Chronic Hepatitis C: Treatment, Complications, and Long-term Outcomes in a Population of Latino Veterans

Amarilys Santiago-Rolón, Dagmary Purcell, Nicole Grigg, Doris H. Toro


Objective: Chronic hepatitis C (CHC) is a major public health problem in Puerto Rico. It is the most common cause of chronic liver disease and the most frequent indication for liver transplantation in the United States. Our main objectives were to estimate the seroprevalence of CHC infection, to describe the demographic and histological parameters of the infection in our sample population, and to evaluate the treatment outcomes in Puerto Rican veterans. Methods: To determine overall seroprevalence, we reviewed all the hepatitis C cases (encompassing from January 1, 2002, to December 31, 2009) of the VA Caribbean Healthcare System, Department of Veterans Affairs. The records of only those individuals who received treatment with pegylated interferon and ribavirin were reviewed to determine risks factors for infection, response rates, adverse events, and outcomes. Results: During the study period, there were a total of 1,496 patients identified as being infected with HCV, for an estimated seroprevalence of 2.3%. Of these, approximately 10% (137) were treated with combination therapy and were included in this study. The mean age was 58 (±6.4); 96.4% were men. The most common genotype was type 1. The responses to treatment were generally poor, with only 48.4% of the patients achieving sustained virological response. Discussion: Though the seroprevalence of chronic hepatitis C in the Latino veteran population of Puerto Rico is high, relatively few patients have received treatment, most probably because of the contraindications of the medications used. Combination therapy with pegylated interferon plus weight-based ribavirin was inefficient and plagued with side effects; as a whole, this therapy was not found to be overly beneficial to our patients. New emerging and approved therapies will change this paradigm, allowing the treatment of a larger population without the side effects of the studied therapy.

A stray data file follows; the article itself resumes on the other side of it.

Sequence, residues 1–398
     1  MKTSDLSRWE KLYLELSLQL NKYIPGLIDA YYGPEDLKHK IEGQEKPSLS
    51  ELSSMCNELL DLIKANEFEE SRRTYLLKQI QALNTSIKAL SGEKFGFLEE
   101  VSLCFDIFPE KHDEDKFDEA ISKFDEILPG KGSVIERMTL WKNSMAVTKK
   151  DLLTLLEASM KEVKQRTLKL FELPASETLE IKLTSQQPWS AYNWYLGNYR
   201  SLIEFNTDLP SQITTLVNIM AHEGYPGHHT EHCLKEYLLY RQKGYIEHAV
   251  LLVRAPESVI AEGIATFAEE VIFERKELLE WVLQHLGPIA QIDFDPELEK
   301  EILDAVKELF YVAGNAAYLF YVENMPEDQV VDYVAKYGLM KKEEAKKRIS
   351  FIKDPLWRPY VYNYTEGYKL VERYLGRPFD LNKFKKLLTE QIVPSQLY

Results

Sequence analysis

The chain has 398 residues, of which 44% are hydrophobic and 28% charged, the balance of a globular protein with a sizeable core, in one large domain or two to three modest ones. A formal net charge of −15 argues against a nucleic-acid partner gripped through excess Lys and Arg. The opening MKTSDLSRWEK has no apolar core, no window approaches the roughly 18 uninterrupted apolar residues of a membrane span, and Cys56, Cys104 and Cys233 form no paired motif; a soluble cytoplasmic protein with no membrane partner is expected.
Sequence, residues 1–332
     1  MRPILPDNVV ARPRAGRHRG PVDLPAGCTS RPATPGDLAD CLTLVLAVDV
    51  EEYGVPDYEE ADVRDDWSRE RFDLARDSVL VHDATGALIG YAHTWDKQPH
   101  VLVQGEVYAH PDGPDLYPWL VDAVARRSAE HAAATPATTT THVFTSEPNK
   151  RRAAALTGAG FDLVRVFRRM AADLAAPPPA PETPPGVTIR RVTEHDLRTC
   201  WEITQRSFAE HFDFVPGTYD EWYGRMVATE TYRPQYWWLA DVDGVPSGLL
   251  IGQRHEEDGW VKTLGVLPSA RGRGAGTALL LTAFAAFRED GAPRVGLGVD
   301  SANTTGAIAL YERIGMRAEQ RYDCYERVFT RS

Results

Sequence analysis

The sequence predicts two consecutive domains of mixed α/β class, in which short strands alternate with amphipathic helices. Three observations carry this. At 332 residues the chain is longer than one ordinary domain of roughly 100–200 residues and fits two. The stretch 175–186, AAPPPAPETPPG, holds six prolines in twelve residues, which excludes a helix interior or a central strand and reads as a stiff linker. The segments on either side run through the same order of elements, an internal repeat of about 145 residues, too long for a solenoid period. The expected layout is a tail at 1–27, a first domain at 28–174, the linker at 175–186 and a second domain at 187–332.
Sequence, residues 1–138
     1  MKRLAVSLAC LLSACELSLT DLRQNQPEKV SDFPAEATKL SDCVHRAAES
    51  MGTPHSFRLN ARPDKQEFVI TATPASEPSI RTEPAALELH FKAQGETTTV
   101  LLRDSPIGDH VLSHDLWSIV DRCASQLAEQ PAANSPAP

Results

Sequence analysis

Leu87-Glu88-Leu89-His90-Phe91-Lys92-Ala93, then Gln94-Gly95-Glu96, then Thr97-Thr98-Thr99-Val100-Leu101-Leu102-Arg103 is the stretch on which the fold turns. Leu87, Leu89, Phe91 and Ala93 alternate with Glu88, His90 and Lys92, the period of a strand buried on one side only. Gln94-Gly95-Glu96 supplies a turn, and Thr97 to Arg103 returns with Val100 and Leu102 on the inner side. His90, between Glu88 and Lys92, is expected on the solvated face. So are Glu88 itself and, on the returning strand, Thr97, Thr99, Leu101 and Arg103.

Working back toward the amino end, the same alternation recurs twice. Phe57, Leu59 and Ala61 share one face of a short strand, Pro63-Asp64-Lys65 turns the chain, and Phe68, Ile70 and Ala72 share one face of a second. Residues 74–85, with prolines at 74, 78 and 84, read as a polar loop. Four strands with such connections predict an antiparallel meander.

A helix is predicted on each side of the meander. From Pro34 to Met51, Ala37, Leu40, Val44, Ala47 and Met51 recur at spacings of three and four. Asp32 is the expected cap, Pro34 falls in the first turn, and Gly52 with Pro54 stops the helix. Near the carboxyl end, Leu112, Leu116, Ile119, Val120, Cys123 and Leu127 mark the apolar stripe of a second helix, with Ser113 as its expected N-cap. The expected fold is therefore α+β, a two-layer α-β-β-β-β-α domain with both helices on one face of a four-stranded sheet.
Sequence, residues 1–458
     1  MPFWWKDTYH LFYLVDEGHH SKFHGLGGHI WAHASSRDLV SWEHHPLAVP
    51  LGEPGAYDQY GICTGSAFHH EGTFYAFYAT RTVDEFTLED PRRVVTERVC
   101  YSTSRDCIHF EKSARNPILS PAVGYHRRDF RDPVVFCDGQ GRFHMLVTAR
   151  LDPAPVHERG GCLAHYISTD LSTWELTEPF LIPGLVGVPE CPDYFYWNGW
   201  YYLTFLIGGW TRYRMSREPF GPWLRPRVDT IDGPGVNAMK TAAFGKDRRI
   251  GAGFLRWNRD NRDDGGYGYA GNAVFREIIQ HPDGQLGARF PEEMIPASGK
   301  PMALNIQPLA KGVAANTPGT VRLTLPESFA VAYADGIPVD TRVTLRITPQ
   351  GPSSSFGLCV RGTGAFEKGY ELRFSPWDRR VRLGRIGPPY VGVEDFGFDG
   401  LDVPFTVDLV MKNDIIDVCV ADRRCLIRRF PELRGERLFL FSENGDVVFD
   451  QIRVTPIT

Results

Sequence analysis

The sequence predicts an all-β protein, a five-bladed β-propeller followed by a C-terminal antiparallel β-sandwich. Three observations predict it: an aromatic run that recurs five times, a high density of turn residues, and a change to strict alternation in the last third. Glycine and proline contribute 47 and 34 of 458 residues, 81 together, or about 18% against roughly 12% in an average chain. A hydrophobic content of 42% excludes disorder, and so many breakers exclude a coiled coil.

Hepatitis C, Chronic; prevalence study; therapy

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